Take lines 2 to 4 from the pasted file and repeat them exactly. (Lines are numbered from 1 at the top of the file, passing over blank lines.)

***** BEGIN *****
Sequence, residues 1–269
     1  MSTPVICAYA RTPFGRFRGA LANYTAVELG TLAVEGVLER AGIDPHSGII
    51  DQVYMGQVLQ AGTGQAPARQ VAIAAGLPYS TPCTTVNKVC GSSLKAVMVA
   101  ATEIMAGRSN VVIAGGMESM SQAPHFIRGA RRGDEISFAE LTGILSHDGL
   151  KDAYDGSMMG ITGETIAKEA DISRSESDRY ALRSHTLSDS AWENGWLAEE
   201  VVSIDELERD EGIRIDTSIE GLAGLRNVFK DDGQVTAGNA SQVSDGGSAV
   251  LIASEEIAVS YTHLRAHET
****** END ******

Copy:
     1  MSTPVICAYA RTPFGRFRGA LANYTAVELG TLAVEGVLER AGIDPHSGII
    51  DQVYMGQVLQ AGTGQAPARQ VAIAAGLPYS TPCTTVNKVC GSSLKAVMVA
   101  ATEIMAGRSN VVIAGGMESM SQAPHFIRGA RRGDEISFAE LTGILSHDGL